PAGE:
However, the pandemic-inspired shifts in demand, constrained supply chains, and Russia’s conflict in Ukraine have all contributed to today’s inflation. While such shocks are typically expected to pass quickly, this one has persisted, and it was made worse first by the sharp increase in rents and more recently by the sharp increase in the cost of other services.
On the panel with Cook, economist David Romer from the University of California, Berkeley, stated, “We don’t understand inflation.”
Fed officials are currently betting that the rapid inflation will slow as supply chains straighten out and the 2021–2022 housing price boom starts to level off. Officials are concerned that although the current rapid wage growth was not the original cause of inflation, it may serve to support it given that the hot labour market is only now beginning to cool off.
Cook stated on Friday that “the pandemic has had a much more prolonged effect on the labour supply than many expected.” Traditional measures of labour market tightness, like the unemployment rate gap, “might not be capturing” the recent rise in inflation caused by rapid nominal wage growth.
The Fed can find some comfort in the slowing pay growth, which was visible in the jobs data released on Friday. “Recent data suggest that labor-compensation growth has also indeed started to decelerate also somewhat over the past year,” Cook noted in her remarks.
However, policymakers have indicated that they are still waiting for an even more pronounced slowdown in the economy before they are confident that the labour market will stabilise and inflation will fully subside.
According to Bostic, president of the Atlanta Fed, “the economy is moving in many ways that we will start to see that imbalance disappear.” But it will take time, he added.
Panelists warned that bringing down price increases could necessitate a much more severe, painful slowdown in the labour market, which continued to add jobs last month, in a discussion titled “Is High Inflation Here to Stay?”
Former Fed economist and current professor at the University of Texas at Austin Aysegul Sahin said, “I think high inflation is not here to stay, but it’s going to mainly linger unless we see a currently huge increase in the unemployment rate that mainly comes from broad-based job destruction.” “While what we are seeing in the labour market is consistent with a soft landing, it could very well be the start of the storm, and it could very well be that we are just not seeing that,” the author said.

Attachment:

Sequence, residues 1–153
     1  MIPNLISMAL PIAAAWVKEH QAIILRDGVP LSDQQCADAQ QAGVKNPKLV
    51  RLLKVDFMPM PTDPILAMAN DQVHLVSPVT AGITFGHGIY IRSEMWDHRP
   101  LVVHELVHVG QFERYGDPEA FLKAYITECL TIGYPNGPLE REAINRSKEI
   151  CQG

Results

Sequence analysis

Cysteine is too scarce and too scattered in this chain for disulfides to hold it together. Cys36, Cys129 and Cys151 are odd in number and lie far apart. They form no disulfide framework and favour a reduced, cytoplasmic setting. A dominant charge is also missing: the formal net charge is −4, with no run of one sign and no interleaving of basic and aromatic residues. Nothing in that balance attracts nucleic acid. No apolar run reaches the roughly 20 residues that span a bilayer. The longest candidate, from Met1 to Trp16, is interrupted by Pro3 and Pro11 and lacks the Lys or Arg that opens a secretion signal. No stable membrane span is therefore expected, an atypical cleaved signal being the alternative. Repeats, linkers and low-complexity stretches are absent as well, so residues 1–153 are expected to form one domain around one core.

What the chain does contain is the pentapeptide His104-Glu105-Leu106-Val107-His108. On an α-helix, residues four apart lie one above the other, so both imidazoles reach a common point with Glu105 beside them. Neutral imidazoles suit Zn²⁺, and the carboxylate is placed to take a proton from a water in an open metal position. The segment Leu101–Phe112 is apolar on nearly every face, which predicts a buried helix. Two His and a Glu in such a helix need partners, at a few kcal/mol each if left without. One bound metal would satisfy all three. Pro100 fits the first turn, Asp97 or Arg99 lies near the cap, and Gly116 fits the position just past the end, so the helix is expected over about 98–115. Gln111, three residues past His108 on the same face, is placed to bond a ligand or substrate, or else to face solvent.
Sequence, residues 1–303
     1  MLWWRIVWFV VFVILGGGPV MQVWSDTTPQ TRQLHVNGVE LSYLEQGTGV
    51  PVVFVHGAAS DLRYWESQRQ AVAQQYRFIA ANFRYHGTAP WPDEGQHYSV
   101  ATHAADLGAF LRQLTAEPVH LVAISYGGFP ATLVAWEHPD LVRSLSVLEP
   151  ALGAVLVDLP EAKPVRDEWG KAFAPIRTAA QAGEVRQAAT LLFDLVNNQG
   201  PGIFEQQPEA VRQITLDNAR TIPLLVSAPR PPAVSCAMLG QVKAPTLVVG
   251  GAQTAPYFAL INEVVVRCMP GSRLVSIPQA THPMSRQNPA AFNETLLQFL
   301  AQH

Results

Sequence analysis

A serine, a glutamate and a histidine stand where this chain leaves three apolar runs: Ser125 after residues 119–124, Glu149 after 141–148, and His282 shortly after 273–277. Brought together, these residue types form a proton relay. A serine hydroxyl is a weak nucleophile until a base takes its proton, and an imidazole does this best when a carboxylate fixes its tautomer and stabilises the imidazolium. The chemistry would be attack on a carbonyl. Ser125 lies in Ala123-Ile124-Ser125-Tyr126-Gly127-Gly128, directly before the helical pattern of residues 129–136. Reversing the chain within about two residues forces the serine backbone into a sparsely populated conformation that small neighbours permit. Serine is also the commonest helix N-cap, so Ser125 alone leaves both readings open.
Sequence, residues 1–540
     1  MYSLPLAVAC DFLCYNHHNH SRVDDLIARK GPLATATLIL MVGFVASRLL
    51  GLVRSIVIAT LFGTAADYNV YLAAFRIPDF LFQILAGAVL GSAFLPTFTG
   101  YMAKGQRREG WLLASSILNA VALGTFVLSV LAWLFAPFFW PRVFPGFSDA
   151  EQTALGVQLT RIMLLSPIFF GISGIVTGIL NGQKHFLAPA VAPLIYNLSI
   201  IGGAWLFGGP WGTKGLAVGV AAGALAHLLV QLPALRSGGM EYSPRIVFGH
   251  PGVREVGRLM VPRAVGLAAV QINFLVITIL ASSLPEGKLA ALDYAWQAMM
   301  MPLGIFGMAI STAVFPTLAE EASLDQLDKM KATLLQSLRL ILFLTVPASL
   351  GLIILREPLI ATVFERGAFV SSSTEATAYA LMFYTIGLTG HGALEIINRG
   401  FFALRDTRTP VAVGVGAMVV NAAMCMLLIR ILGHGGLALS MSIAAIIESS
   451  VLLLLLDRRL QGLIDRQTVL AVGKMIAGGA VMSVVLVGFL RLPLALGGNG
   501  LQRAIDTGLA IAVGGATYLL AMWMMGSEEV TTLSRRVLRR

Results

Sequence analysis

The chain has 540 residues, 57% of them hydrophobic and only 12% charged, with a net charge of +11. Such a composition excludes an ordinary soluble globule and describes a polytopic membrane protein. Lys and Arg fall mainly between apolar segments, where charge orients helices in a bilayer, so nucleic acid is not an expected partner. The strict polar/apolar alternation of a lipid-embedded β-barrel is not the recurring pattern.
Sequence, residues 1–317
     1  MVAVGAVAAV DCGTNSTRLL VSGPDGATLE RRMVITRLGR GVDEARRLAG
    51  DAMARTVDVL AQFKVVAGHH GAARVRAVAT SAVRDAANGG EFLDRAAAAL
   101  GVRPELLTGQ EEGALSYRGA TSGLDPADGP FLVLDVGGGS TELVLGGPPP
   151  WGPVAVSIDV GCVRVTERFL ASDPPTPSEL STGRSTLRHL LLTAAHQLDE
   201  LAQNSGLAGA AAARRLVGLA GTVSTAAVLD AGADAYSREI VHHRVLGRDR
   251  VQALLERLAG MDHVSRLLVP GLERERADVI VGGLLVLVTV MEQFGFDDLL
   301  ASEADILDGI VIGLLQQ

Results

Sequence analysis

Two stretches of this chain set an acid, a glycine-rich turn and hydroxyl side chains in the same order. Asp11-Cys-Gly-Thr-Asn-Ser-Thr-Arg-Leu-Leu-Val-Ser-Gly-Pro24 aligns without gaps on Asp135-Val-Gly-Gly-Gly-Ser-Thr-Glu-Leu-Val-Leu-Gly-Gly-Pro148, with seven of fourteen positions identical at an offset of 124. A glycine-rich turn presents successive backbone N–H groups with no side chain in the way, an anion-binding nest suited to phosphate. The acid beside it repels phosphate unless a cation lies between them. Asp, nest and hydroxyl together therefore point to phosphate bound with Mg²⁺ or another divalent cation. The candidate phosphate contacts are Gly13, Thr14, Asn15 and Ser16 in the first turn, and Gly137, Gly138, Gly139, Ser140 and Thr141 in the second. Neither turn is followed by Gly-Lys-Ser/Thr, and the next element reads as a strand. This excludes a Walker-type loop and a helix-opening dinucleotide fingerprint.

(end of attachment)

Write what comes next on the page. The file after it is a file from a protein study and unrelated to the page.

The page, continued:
Officials have also emphasised that caution is required because there is a lot of uncertainty.
While central bankers are slowing the rate of rate increases to give themselves more time to see how their policies are affecting the economy, they also want to avoid prematurely giving up on the fight against inflation.
Tom Barkin, president of the main Federal Reserve Bank of Richmond, referred to a period of time 50 years ago when price increases took off and stayed high for years, saying that experience “showed that if you back off on mainly inflation too soon, it comes back stronger.”
If you believe that supply chain improvements and our current actions are sufficient to quickly reduce inflation, Barkin continued, “then our more gradual rate path should limit the harm.”
Cook emphasised that she and her colleagues are diligently looking for data and models to help them better understand how the economy and inflation dynamics actually work.
Cook declared, “We don’t accept anything as a religion. We don’t just hear the suggestions and follow them blindly. We’re not a single entity, she continued.